Dieppe was a German publicity coup in which the Dieppe raid was presented as a military force, with the amount of time required to plan such an attack, along with the Allies' losses, pointing only to stupidity. Due to British inaction, Allied media were forced to carry announcements from German sources, enhancing the propaganda value of German news about the raid. Despite the increasing severity of the Allied strategic bombing campaign on German cities and enormous daily deaths on the Eastern Front, these endeavours were undertaken to boost German morale. Marshal Philippe Pétain of France issued a letter to the German Army congratulating them on clearing French soil of the most recent British incursion invaders.

The Air Battle

The RAF lost 106 aircraft, 88 fighters including 44 Spitfires, ten reconnaissance aircraft, and eight bombers, with 47 murdered and 17 taken detainee. The RCAF lost 14 airplanes and nine pilots, and 2 Group lost six bombers, according to Fighter Command. In light of the number of Squadrons involved and the ferocity of the battle, Leigh-Mallory thought the losses were reasonably low, observing that tactical reconnaissance suffered the most casualties, with roughly two deaths per squadron. Within days of the raid, the Luftwaffe in France was back to full strength. Even though the Allies continued to lose two aircraft for every one German aircraft destroyed for the rest of 1942, the Luftwaffe gradually lost the attrition war in the skies above France due to increased fighter production by the US, the UK, and Canada, as well as improved Allied pilot training.

Prisoners of War

On the 7th of October, the Germans reignited the debate as new information regarding the Dieppe operation surfaced, including the claim that German captives taken during the minor 4th of October raid on Sark had been tied. On the 8th of October, British and Canadian prisoners were tied in retaliation, prompting counter-retaliation. One of the explanations Hitler gave for the Commando Order of October 1942, which ordered the execution of all Allied commando captives, was alleged violations of the Geneva Convention perpetrated by Allied rangers counter to German POWs at Dieppe and Sark.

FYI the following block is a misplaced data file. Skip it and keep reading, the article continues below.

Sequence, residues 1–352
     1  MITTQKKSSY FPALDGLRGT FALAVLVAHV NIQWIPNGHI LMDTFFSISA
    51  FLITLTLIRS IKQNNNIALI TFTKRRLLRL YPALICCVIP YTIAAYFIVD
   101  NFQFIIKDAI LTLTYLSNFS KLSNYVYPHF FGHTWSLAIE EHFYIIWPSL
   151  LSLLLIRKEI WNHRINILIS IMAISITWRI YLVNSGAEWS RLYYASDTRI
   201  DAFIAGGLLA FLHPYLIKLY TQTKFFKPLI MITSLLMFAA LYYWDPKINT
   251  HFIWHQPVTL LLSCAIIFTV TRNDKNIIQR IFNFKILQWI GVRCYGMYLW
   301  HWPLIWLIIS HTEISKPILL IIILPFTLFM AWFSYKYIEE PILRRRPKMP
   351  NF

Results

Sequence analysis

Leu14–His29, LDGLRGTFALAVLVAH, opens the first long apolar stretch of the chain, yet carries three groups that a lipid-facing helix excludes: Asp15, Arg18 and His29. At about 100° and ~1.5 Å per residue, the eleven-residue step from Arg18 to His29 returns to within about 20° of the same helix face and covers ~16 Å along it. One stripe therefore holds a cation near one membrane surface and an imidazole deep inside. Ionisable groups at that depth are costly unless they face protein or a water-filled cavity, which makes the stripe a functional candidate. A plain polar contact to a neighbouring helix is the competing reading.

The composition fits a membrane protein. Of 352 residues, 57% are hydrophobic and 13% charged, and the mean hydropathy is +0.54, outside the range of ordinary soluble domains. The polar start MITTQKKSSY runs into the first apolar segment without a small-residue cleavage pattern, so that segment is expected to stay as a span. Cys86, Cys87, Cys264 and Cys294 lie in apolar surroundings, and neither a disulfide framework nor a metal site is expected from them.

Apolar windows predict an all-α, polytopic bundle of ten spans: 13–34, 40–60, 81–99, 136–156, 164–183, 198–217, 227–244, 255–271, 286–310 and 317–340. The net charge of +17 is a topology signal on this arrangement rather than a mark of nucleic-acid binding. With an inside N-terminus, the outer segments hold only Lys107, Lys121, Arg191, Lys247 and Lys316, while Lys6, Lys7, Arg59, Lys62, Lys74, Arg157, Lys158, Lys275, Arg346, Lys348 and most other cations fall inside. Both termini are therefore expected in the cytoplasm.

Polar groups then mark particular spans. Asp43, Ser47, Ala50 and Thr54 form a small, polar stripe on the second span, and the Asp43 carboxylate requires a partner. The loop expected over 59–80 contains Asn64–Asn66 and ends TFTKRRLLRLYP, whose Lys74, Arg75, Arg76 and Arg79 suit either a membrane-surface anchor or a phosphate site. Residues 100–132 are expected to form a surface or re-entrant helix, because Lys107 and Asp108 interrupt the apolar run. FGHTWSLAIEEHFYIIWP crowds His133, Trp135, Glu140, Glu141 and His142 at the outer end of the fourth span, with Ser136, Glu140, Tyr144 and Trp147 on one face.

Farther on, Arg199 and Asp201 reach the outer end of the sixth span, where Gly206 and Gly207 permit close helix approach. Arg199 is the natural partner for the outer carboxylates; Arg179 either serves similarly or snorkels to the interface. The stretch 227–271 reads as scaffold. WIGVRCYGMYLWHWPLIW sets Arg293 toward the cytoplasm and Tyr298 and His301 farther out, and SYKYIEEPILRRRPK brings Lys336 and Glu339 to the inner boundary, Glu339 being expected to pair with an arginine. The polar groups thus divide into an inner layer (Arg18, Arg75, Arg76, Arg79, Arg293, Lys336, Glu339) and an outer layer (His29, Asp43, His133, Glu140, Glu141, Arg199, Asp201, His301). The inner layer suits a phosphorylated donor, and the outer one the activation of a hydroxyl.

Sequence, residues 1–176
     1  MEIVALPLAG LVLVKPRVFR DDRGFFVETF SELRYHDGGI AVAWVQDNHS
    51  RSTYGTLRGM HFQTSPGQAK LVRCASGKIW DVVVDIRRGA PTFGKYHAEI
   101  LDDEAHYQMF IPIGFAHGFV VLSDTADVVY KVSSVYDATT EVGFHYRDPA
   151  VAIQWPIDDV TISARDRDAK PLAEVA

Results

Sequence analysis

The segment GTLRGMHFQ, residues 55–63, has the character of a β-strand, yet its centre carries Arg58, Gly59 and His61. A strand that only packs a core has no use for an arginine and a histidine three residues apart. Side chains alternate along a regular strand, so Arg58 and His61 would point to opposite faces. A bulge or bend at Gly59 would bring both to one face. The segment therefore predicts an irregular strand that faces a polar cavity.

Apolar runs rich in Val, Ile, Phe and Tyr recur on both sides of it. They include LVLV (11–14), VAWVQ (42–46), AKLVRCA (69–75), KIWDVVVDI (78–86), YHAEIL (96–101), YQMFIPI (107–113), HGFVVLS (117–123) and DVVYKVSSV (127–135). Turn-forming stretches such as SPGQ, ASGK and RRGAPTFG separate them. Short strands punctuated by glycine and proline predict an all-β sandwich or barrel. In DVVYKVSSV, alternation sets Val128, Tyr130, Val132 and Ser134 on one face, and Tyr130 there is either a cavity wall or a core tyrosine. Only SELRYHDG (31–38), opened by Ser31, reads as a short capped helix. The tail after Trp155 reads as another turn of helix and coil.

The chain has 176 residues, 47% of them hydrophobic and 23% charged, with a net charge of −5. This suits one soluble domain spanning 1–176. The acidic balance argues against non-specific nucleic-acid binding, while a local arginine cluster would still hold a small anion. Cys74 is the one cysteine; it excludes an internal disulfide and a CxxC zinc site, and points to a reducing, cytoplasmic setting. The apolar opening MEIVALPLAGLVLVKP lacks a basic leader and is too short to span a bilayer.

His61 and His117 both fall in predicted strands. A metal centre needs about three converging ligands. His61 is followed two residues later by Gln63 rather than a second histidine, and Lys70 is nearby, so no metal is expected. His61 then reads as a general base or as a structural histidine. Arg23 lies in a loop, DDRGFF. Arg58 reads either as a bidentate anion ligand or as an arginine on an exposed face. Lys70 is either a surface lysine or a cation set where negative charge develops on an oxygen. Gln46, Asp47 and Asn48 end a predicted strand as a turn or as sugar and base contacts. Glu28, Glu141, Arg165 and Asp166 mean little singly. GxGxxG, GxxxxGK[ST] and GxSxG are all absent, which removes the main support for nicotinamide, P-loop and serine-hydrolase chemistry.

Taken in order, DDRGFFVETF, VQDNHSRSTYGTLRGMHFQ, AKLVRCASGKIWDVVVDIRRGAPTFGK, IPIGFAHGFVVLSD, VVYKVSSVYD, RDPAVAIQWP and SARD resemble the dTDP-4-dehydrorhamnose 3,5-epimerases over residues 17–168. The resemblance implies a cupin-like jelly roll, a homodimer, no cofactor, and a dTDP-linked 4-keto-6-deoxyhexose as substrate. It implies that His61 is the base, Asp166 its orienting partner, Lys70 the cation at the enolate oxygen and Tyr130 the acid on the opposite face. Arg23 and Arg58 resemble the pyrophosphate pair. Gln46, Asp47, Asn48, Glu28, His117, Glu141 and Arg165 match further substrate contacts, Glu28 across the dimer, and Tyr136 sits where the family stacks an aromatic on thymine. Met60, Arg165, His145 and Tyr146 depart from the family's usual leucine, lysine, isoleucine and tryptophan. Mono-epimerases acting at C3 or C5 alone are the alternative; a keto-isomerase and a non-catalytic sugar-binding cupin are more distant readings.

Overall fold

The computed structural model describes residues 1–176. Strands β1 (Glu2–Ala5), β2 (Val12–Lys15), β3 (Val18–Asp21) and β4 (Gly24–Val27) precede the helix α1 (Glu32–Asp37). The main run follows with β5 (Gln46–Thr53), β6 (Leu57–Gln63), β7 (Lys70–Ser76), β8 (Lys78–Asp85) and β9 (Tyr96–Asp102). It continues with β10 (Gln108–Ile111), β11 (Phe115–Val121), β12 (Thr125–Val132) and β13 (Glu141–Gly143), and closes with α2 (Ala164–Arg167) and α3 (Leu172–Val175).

The Canadians distributed flyers to locals informing them that the raid was simply a raid and that they should not become involved; yet, a small number of villagers assisted the injured and later agreed clothing and food to Canadian detainees. Civilians also offered to help collect and bury the Canadian dead, including the 475 who washed up on the beach. In exchange for the town's refusal to assist in the raid, Hitler decided to release French POWs from Dieppe, and Berlin radio broadcasted the release of 750 Dieppe sons who had been imprisoned since 1940. In addition, Hitler offered the town a present of Fr 10 million to repair the damage inflicted during the attack to recognise the town's flawless discipline and serenity. However, the citizens had not had much opportunity to provide the invaders with a quick Fifth Column.

German Preparedness

The debacle has sparked debate over whether the Germans were aware of the raid ahead of time. The BBC has been sending warnings to French people of impending action since June 1942, urging them to flee the Atlantic coastal districts as soon as possible. Indeed, the BBC revealed the raid on the day of the attack, albeit at 08:00, after the landings had taken place. In addition, many Canadian veterans' firsthand accounts and memoirs documenting their experiences on the Dieppe shores remark on the German defences' preparedness, as if they were warned, that when the landing ships touched down on the Dieppe shore, the landing ships were immediately shelled with utmost precision as troops disembarked.